In this amazing article on defense.gov, we get a glimpse into the difficulties surrounding the relief effort in Puerto Rico. While we vaguely understand that it is “hard to get supplies into Puerto Rico” most of us really don’t have a clue. The article outlines one of the many reasons:
The loss of power and communications lines required that all aircraft traffic be controlled by visual and physical spacing. Only one aircraft could arrive or leave the island every 10 minutes, or six per hour, to ensure that the aircraft were safely separated. Under normal operating conditions, an airport the size of San Juan International can handle about 45 flights per hour. The limited aircraft movement choked the supply chain of critical material and personnel, officials said.
The Puerto Rico Air National Guard (PRANG) jumped into the restoration of the air traffic control system and the result was astounding:
With basic communications re-established, the number of flights taking place per hour began to climb — from six per hour to 18 per hour two days after the storm — to more than 30 per hour, and finally into the upper 30s and low 40s, which is normal operations.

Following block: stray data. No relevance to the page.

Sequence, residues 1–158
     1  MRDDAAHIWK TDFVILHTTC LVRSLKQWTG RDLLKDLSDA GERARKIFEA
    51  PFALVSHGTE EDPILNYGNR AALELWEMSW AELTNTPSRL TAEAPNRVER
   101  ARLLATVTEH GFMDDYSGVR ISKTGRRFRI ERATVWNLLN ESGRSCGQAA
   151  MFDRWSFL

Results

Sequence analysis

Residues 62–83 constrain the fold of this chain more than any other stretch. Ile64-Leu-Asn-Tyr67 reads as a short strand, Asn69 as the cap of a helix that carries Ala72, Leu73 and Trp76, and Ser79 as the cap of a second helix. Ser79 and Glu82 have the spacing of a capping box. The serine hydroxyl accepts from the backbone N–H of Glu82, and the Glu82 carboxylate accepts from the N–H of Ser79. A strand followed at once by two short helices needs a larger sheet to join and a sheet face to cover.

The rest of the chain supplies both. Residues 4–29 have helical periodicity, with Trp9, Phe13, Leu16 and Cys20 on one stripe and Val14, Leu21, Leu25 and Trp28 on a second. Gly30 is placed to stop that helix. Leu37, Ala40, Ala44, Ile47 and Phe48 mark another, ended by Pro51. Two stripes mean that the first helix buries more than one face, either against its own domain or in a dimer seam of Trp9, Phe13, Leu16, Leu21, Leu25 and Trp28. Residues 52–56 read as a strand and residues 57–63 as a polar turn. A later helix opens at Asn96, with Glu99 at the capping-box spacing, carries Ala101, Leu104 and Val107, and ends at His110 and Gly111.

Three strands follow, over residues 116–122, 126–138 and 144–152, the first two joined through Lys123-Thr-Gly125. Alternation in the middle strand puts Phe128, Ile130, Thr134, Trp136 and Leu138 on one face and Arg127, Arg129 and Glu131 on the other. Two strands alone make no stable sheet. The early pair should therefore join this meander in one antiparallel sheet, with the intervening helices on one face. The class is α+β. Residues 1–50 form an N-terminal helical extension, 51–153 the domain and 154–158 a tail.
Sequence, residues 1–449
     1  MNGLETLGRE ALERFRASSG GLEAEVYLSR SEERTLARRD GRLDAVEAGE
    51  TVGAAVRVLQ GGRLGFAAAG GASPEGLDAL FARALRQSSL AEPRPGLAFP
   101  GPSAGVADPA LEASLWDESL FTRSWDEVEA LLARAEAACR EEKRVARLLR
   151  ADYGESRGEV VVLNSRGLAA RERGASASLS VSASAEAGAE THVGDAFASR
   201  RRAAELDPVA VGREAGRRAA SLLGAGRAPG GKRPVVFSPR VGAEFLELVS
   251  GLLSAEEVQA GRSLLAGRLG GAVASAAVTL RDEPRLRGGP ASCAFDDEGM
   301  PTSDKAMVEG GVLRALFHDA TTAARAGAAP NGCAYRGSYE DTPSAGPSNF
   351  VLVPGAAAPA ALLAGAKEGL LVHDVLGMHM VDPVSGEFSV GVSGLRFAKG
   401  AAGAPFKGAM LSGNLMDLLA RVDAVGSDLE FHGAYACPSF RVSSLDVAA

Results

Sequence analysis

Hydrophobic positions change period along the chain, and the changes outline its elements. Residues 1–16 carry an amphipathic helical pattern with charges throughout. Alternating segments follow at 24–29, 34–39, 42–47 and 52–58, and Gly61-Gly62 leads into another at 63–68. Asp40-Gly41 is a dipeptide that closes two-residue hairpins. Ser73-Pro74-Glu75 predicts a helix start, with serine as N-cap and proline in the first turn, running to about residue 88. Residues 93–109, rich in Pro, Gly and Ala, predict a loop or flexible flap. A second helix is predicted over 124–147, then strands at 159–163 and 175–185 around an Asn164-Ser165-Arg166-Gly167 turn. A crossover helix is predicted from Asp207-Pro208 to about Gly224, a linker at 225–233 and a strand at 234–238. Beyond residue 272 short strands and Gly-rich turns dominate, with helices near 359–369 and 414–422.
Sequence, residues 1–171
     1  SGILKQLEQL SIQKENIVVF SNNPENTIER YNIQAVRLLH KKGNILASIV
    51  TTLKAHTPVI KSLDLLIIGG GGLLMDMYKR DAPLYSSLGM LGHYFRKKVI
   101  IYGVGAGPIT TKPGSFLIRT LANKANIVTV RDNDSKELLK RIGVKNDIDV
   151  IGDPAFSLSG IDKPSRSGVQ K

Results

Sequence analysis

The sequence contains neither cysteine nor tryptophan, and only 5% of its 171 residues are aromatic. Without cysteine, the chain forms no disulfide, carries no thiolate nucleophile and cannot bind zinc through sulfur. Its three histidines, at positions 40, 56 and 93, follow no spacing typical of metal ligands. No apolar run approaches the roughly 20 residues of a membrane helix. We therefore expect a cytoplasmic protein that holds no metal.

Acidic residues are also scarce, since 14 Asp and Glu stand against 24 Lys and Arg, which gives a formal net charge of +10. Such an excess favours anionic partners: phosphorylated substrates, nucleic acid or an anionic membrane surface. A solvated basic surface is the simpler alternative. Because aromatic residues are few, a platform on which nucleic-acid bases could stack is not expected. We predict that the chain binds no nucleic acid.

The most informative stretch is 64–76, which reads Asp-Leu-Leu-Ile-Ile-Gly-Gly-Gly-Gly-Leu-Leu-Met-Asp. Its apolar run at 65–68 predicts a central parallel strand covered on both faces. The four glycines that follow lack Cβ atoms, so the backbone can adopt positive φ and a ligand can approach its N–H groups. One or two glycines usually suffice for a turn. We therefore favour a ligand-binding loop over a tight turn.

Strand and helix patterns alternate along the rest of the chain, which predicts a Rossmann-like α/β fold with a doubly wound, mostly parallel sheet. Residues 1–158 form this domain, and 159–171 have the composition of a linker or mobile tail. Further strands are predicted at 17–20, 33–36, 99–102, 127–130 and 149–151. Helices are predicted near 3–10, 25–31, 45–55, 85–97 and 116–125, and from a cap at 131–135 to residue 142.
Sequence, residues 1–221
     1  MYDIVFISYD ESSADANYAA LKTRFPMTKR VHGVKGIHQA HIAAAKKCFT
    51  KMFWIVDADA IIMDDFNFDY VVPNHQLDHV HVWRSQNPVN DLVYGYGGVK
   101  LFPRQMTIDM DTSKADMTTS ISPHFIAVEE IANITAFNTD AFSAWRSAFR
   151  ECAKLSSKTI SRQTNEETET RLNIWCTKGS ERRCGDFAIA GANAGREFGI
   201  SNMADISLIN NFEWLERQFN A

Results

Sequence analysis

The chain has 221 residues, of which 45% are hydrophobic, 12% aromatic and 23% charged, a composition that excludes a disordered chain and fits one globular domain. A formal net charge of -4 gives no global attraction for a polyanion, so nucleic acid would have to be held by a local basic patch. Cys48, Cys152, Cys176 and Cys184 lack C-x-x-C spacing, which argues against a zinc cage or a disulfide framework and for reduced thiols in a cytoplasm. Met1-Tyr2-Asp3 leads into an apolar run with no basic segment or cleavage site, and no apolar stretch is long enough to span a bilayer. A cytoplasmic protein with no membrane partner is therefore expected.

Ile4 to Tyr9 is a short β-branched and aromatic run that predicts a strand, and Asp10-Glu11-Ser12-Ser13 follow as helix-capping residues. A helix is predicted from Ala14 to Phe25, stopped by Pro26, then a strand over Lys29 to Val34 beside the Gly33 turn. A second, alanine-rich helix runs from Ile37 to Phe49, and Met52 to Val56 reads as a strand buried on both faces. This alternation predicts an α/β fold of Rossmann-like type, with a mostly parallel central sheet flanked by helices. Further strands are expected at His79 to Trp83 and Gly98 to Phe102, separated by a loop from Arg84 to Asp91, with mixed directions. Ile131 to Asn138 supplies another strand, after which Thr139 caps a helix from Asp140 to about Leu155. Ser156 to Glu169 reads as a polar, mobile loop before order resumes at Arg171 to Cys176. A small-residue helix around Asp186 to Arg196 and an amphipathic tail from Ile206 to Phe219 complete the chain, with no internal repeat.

While this might look reasonably simple on paper, this was not a simple operation. This effort was the result of thousands of hours of effort by PRANG personnel like Air Force 2nd Lt. Jose Arroyo-Cruz, a 156th cyberspace operations officer and one of hundreds of Puerto Rico Air National Guard members who’ve been on the job since before the storm hit. He put it quite succinctly when he said that, “It was a giant hole in the highway in the sky. We had to fix that hole before we could bring in aid to the people of Puerto Rico.”
2nd Lt. Arroyo-Cruz told us privately that, “We are working 16-18 hr days, and when I get home I have no power.”
With communication and power still down in Puerto Rico, service men and women are working tirelessly to restore service and safety. Turning on their lights is the least we can do.
Thank you for your continued support. The island is only at 8% power and thousands of people are still suffering. If you haven’t already, please join our on-going relief effort in Puerto Rico. Your funds are going directly to the relief effort in very visible ways. Thank you!